We then moved off onto another site and carried on along the road towards Hinojal and Talavan and then on towards Embalse de Talavan. At this site, we had our first two Black-winged Stilts of the trip and a couple of pairs of Great-crested Grebes plus the odd Little Grebe. A couple of Grey Herons were sat around the edge of the lake and Mallard and Gadwall were aplenty. Graham Clarkson then spotted two Teal, {only birds of the trip}. Two Little-ringed Plovers were also on the mud next to the small reed bed on our left, which are always nice to see. Coot and Moorhen were also abundant here.

 

A large party of Spanish Sparrows were present on the surrounding fields and Eucalyptus trees. A Few Spotless Starlings were about and White Storks sat on their nests, a member of the group Chris Oldershaw was photographing the storks on their nests and got some good, close-up shots.

 

Before getting to our next site, we stopped off on the road to have a scan for Bonelli’s eagle and sure enough, Graham Clarkson spotted two birds on the far side cruising along the ridge. They slowly climbed higher and higher into the sky, they then dropped slightly and slowly made their way over to our side from where we were watching them and soon disappeared over the ridge and never to be seen again. All members of the group saw the birds and we were all happy with seeing good views of a now critically endangered species.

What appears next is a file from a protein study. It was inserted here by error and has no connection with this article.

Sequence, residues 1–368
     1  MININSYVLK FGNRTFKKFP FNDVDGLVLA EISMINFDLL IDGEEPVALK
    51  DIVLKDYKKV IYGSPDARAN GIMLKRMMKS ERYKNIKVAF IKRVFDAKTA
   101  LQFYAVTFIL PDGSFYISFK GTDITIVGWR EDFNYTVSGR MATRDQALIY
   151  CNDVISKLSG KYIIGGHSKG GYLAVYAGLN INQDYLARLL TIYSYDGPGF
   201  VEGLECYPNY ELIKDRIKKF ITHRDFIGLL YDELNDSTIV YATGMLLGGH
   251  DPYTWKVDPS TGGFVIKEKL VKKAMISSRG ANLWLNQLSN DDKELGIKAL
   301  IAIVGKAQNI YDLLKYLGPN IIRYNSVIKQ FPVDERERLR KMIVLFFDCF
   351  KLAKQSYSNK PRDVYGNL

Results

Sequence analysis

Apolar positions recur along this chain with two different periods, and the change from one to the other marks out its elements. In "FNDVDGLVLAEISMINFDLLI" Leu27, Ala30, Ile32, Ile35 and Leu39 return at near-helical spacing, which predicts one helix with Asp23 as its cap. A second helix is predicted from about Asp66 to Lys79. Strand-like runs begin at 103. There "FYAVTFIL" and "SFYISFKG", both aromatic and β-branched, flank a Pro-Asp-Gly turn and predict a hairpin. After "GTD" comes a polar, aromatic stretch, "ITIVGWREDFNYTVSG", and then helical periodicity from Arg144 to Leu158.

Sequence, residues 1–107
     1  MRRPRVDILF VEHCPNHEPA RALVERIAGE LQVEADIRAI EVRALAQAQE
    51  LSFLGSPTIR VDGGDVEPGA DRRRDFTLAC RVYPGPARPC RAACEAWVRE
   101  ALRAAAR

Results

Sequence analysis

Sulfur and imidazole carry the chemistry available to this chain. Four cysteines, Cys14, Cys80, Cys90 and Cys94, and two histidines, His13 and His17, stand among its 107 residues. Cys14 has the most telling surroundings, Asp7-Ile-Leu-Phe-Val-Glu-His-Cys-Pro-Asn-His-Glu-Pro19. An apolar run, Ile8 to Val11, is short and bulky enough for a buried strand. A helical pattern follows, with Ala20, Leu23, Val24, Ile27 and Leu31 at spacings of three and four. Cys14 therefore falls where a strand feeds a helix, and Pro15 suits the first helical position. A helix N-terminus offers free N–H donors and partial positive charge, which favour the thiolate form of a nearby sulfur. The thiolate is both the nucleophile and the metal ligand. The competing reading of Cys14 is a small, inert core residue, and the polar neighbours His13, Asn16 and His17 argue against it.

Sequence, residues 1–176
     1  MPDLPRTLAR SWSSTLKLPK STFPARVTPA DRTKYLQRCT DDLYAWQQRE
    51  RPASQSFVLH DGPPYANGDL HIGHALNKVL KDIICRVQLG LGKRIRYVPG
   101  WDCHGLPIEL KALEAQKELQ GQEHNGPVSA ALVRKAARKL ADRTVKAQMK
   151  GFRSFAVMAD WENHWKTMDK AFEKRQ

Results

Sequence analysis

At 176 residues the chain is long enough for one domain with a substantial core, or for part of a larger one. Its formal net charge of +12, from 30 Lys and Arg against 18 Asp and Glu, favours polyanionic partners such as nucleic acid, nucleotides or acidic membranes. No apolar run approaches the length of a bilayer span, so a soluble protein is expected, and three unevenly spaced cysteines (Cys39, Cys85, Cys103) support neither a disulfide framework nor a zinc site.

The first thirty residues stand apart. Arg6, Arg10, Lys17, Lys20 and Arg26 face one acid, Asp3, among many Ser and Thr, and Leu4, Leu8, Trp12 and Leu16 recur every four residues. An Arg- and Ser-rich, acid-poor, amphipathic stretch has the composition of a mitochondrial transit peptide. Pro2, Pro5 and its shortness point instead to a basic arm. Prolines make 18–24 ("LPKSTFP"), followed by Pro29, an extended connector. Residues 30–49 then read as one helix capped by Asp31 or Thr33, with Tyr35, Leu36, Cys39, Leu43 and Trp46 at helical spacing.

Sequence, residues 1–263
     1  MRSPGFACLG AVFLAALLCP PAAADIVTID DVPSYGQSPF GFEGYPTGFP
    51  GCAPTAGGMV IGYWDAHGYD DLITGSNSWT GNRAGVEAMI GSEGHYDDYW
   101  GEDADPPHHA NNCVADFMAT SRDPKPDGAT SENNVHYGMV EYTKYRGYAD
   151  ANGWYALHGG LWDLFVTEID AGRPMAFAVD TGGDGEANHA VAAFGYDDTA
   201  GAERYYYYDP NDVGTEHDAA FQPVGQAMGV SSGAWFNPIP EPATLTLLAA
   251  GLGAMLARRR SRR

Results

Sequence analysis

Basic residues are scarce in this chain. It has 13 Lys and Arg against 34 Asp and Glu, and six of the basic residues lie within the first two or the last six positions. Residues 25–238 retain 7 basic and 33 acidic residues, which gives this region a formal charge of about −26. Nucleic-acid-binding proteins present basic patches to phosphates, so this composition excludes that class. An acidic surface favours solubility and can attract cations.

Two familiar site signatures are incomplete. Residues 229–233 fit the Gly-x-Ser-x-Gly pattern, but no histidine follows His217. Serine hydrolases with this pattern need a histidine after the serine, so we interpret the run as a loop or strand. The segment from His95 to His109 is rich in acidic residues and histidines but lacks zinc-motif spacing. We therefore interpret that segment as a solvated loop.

We then grabbed some lunch and drove past Jaraicejo to Retamosa and on to Cabanas del Castillo. This site was to prove very productive.

Blue rock Thrushes, Serins, Black Redstarts and all manner of hirundines were aplenty. Blue tit, Great tit, Chaffinch, Goldfinch, Greenfinch, Blackbird and a few Long-tailed Tits were about with the odd Wheatear and Black-eared Wheatear. A single Mistle thrush was seen in a field below us.

 

However, the other good part of this location was the two Black wheatears that we found hiding out in a stony sheep field below one of the crags. We had found a pair and enjoyed watching them for a good fifteen minutes before they disappeared over the wall. Some of the group tried to digiscope them including myself, but the light was all wrong so we moved on. A Buzzard and a Sparrowhawk were then spotted from the minibus.